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Madam Speaker: Before I call the hon. Member for North Essex (Mr. Jenkin), may I point out that I noticed some Members leaving the Chamber during the statement, no doubt to go to the Vote Office to obtain the document? I regard it as a discourtesy to any Secretary of State for Members to walk out to obtain a document while a statement is being made. If Members want to be called, they should remain in the Chamber throughout and listen to the statement. The statement, not the document, is being questioned at this stage.
Mr. Jenkin: I thank the Deputy Prime Minister for giving me an advance copy of the statement. I give a broad endorsement to the comments that he made about safety and, in particular, about the Cullen inquiry.
As for the rest of the statement, the Deputy Prime Minister must think that the British people were all born yesterday. The travelling public will not be fooled. Labour has made promises before and people are still waiting.
After three wasted years, the Deputy Prime has the nerve to come to the House and say, "I've got a 10-year transport plan." How much tax will road users have to pay over that period? It is at least £423 billion. That is more than £18,000 per household. That will be his legacy. His only real policy is to try to tax hard-working people and hard-pressed pensioners off the road.
Petrol tax is a regressive tax. Under Labour, the poor pay the biggest increases. Where is the social justice in that? On top of the £423 billion in taxes, the congestion and parking taxes will hurt the poor most. Why are the Government simply reserving the roads for the rich and for Ministers in their Jaguars? Should cars be just for the privileged few?
What does the Deputy Prime Minister's big spending number really mean? How much is double counted or reannounced? How much relies on investment by the transport industries that we privatised? How much is just pious hope, empty promises and post-dated cheques?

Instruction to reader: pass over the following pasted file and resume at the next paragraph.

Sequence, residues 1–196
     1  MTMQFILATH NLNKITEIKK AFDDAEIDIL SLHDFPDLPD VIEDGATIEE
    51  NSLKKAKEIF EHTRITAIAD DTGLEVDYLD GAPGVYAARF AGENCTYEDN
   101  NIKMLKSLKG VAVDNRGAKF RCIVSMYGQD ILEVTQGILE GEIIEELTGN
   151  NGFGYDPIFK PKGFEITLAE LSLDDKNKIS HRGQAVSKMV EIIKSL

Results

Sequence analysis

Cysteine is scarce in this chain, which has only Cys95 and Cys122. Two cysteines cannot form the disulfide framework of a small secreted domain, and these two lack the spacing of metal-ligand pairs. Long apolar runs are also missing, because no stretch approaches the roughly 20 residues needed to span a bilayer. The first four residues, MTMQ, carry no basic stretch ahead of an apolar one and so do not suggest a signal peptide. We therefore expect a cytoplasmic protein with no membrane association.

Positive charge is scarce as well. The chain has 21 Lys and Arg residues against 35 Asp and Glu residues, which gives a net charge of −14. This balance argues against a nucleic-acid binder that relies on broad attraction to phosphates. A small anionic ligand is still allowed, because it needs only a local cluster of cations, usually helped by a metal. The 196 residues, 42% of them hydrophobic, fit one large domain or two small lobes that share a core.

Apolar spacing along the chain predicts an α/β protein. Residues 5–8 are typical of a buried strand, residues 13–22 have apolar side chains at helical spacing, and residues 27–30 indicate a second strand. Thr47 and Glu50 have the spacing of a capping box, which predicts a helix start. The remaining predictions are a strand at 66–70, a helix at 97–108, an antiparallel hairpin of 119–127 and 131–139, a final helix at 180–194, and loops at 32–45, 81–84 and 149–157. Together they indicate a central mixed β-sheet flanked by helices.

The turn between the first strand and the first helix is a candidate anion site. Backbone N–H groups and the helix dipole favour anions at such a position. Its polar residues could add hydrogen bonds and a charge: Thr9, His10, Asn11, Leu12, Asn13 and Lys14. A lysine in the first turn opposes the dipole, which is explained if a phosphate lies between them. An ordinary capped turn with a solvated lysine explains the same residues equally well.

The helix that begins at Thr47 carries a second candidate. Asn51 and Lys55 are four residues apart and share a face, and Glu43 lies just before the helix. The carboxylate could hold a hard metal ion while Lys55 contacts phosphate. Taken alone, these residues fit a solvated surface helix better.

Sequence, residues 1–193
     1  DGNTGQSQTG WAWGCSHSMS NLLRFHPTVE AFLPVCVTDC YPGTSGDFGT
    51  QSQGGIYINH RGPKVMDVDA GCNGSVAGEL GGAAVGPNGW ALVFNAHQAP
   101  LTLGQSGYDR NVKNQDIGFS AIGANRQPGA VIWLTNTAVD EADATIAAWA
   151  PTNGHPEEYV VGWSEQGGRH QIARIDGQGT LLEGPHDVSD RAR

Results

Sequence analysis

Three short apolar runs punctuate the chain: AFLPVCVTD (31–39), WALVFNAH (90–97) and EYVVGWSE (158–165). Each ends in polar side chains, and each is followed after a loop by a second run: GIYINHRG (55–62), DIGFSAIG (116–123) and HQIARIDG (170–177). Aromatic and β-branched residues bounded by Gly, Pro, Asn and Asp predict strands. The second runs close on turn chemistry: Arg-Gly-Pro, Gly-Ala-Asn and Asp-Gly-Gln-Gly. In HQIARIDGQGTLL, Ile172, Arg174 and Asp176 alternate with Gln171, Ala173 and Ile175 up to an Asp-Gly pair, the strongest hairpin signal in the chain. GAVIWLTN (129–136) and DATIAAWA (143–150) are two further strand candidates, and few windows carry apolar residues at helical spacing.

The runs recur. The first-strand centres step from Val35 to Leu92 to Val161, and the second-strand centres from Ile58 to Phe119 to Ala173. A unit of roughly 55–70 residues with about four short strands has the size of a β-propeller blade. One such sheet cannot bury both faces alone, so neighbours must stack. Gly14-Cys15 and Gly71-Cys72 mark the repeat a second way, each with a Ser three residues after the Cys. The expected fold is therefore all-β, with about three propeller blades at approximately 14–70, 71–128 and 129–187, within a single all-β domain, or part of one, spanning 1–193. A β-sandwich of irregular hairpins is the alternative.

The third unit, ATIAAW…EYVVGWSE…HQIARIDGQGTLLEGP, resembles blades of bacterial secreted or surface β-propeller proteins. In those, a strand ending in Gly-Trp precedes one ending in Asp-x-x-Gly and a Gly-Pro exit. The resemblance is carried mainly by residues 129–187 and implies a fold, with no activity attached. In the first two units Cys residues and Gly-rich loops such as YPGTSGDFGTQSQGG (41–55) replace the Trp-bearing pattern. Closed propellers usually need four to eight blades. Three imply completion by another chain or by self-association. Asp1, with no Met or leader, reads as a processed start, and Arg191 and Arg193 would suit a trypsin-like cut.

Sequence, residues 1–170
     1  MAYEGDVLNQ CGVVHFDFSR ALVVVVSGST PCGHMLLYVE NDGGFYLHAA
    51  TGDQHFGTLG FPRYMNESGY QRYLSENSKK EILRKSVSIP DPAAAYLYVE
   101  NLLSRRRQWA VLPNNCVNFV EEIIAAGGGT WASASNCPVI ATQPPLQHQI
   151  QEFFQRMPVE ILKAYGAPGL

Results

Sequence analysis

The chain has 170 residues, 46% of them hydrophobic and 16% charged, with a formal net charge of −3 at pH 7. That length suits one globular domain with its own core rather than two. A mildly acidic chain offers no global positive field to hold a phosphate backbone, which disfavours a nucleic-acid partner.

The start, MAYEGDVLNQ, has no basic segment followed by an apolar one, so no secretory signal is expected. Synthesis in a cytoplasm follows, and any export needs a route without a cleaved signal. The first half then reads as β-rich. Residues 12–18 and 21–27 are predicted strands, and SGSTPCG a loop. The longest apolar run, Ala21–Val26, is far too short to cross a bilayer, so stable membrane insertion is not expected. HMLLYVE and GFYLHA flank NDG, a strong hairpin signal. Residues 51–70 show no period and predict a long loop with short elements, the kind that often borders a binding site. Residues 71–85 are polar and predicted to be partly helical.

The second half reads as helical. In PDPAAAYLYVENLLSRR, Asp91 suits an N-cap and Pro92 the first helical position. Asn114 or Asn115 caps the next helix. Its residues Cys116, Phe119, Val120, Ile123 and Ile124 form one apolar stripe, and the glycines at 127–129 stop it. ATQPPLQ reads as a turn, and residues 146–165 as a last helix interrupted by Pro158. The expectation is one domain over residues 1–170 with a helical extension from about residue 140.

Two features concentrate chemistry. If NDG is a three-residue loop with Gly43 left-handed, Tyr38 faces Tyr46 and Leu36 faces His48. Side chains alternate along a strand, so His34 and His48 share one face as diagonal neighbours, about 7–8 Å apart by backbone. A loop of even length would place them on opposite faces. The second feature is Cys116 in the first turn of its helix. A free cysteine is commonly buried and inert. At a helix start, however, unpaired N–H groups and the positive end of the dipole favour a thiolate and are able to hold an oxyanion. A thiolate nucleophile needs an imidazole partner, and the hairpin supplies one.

Labour Members all cheered two years ago when the M6 widening was cancelled, apparently to save the planet. Now they all cheer when it is going ahead. That is an admission that the Deputy Prime Minister was wrong. Will they all cheer again when it fails to materialise?
Does the Deputy Prime Minister recall saying that he would have failed if there were not far fewer journeys by car? This new 2010 target is an admission that he has already failed. Has he not read the dire warnings of his own congestion report, which showed that congestion will increase by 90 per cent? Why is his target on congestion any more relevant than all his other targets?
Is it not perfectly clear that, after three wasted years, nobody believes a word that the Secretary of State says? After all the White Papers and consultations, glossy brochures and photo opportunities, today is about nothing more than the sliding credibility of the Government and the looming date of the next election. Does the Secretary of State think that the endless spinning of larger and larger telephone-number figures for his plan conveys anything other than the whiff of panic about the Government's lamentable transport policy?
This is not real money, but a 10-year plan from a one-term Government who cannot see further than the headlines in tomorrow's newspapers. The plan is a broken policy on the back of broken promises from a broken- backed Secretary of State.